By Vanessa Crews
California pipevine (Aristolochia californica) won a Freeman Medal Honorable Mention in 2017 for the Orinda Garden Club.
This perennial woody vine flowers in the early California spring. The numerous showy blossoms provide landscape interest in January and February, especially when twining up a trellis or deciduous shrub. The unique flowers resemble the shape of a curved Dutchman’s smoking pipe, hence the common name. As a native plant, California pipevine requires only light summer watering, making it particularly desirable in areas with little or seasonal rainfall. It can tolerate almost any soil and is very low maintenance.
California pipevine is the exclusive food source for the larvae of the Pipevine swallowtail butterfly, Battus philemon hirsuta. The red-spotted black caterpillar transforms into a beautiful dark butterfly. The female is chocolate brown; the male almost black with a blue-green sheen on the hind wings. This butterfly is completely dependent on the host plant, California pipevine, for survival. Urban encroachment has greatly diminished available habitat for the Pipevine swallowtail butterfly.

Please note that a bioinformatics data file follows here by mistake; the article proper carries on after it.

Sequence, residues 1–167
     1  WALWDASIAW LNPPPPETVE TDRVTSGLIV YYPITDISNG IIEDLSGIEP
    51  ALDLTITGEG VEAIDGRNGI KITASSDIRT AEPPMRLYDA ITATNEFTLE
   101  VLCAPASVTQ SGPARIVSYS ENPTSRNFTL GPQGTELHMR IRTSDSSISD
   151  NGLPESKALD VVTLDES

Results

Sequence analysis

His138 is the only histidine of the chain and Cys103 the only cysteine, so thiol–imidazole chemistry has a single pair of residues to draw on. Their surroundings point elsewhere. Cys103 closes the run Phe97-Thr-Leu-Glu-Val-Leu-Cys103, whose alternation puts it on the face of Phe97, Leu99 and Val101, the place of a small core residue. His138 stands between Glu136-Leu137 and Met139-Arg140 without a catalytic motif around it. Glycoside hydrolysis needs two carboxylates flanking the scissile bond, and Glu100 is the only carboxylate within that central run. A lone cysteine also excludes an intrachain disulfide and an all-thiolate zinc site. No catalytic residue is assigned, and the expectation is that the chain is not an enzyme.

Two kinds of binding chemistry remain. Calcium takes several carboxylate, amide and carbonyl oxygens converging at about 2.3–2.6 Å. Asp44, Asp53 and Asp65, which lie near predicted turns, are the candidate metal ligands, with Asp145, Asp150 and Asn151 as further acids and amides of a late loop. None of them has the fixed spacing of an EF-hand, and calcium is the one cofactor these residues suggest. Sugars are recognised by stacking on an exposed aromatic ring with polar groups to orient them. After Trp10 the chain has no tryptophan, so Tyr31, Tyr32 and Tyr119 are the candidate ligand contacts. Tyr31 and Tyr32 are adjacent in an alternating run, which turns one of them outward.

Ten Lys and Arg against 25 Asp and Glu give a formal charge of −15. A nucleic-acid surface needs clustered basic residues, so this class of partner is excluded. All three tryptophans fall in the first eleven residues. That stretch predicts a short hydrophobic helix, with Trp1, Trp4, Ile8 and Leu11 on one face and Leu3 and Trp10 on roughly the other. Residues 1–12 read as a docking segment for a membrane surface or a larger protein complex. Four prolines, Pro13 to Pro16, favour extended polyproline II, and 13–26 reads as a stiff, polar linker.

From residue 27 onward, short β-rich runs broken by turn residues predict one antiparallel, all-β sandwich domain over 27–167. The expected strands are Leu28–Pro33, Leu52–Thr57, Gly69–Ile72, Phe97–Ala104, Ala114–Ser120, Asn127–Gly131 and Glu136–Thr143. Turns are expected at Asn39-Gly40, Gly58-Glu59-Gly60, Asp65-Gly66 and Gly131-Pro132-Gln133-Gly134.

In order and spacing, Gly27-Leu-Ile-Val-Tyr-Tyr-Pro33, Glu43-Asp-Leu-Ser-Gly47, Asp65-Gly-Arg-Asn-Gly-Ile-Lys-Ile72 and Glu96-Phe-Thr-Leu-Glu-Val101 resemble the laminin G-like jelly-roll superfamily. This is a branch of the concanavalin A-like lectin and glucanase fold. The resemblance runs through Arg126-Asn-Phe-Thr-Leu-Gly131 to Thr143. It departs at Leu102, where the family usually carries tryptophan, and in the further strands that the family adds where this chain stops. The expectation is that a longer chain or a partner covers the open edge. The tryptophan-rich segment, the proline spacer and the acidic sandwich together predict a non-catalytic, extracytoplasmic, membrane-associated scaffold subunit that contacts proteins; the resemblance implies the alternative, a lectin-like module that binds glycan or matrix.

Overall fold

Julia Burke of the Piedmont Garden Club has laid the groundwork for our most recent joint P4P project, which was approved last year. With the help of East Bay Regional Parks botanist, Michele Hammond, a small group of volunteers planted pipevine plants in three different locations within the park — Sibley, Huckleberry and at the Alvarado entrance to Wildcat Canyon. They will be monitoring the different locations to see how the plants do. It takes a few years for the plants to be established. If all goes well, they will plant more next year and propose it for a new P4P project.
Planting California pipevine plants in our Orinda gardens can lead to butterfly visits and increased butterfly populations. Mature plants need very little care and will thrive almost anywhere. The vine will do little for the first couple of years, but with regular water and climbing support, your patience will be rewarded with a thriving vine and possible butterfly habitat.
Plants are available for purchase at the UC Botanical Garden shop. Your Orinda garden could be home to the beautiful Pipevine swallowtail butterfly.
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